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Tuesday, January 21, 2020

Underutilised funds, poor connectivity kept Vidarbha, Marathwada backward: Economist Pradeep Apte

Apte was speaking on ‘The Political Economy of Regional Development in Maharashtra’, organised as part of the N R Deshpande Memorial lecture at the Department of Politics and Public Administration at Savitribai Phule Pune University (SPPU) on Wednesday.

By: Express News Service | Pune | Published: January 16, 2020 4:22:04 am
Underutilised funds, poor connectivity kept Vidarbha, Marathwada backward: Economist The region requires better road and rail connectivity, which will mobilise resources and products and create a market. The east-west connectivity between Marathwada and Vidarbha with western Maharashtra needs to be strengthened”- Pradeep Apte

Veteran economist Pradeep Apte said that the Vidarbha and Marathwada regions have remained backward and less developed due mainly to prolonged neglect shown by Union governments in improving the region’s connectivity, as well as the repeated deployment of administrative machinery that was incapable of effectively utilising government funds allotted to the regions.

Apte was speaking on ‘The Political Economy of Regional Development in Maharashtra’, organised as part of the N R Deshpande Memorial lecture at the Department of Politics and Public Administration at Savitribai Phule Pune University (SPPU) on Wednesday.

“The region requires better road and rail connectivity, which will mobilise resources and products and create a market. The east-west connectivity between Marathwada and Vidarbha with western Maharashtra needs to be strengthened,” said Apte, who was a member of the Kelkar committee that has submitted a report on ‘Balanced Regional Development Issues of Maharashtra’.

He said that while Konkan is world-famous for its mangoes, there is also a two-time flowering and export-quality Kesar variety of mango that is grown in Beed and Osmanabad districts of Marathwada. However, they do not get the desired market value as a lack of road or rail connectivity makes it difficult for them to be exported, said Apte.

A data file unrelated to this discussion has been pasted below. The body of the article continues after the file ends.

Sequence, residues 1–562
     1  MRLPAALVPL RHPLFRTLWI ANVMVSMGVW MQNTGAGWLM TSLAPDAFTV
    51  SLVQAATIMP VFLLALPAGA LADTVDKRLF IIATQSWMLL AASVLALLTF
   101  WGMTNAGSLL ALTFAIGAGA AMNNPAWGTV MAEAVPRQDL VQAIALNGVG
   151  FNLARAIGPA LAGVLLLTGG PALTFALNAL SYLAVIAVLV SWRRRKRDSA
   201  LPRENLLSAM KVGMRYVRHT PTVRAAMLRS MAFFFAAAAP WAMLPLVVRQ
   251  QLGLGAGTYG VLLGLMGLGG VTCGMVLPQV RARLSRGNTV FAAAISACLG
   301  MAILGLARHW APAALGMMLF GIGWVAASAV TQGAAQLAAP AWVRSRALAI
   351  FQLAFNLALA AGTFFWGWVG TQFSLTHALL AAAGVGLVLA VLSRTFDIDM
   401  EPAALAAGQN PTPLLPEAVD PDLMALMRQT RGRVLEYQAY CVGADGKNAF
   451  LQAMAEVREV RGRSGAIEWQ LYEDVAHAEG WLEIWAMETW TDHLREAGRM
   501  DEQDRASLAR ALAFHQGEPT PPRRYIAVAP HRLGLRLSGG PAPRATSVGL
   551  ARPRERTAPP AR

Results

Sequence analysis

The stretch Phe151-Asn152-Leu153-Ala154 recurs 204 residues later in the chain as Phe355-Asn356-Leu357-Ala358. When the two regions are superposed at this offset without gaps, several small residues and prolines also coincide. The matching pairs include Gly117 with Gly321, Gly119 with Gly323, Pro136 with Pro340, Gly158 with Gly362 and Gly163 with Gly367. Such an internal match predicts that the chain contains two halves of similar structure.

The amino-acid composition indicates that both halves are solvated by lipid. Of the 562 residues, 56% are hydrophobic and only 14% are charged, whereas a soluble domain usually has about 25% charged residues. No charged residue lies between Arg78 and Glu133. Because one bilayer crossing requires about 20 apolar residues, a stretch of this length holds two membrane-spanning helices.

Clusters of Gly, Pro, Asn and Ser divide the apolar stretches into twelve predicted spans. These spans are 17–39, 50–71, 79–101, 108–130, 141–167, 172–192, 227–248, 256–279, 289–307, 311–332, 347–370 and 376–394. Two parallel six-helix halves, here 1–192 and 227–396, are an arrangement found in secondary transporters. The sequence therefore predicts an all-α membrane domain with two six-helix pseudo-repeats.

“There are certain issues pertaining to laying new railway lines, defining forest land and awarding compensation to minerals extracted from land, among others. These are outside the purview of the state government and it would be wrong to blame the state government. It is the central government that has a larger share in keeping the region backward,” he further said.

Among the key recommendations made by the Kelkar committee is the setting up of a water grid connecting the water resources in Vidarbha and Marathwada. Marathwada is an arid region with districts that do not receive more than 500 mm rainfall annually.

“The water grid is still under consideration and I cannot comment on it presently. But, water is one of the issues that need to be addressed so that the agrarian community is uplifted,” said Apte.

With agriculture being the major economic contributor to the region, a change in agrarian practices is the need of the hour, said Apte. While Vidarbha has been known to grow un-irrigated cotton, its demand has fallen over the years. With higher yield and greater market value now going to irrigated cotton, a need for change to address the agrarian crisis is inevitable, he added.

The regions’ performance has been on the downward trend since 2003, said Apte, adding, “During seven out of 10 years, agriculture growth in these regions has been negative.”

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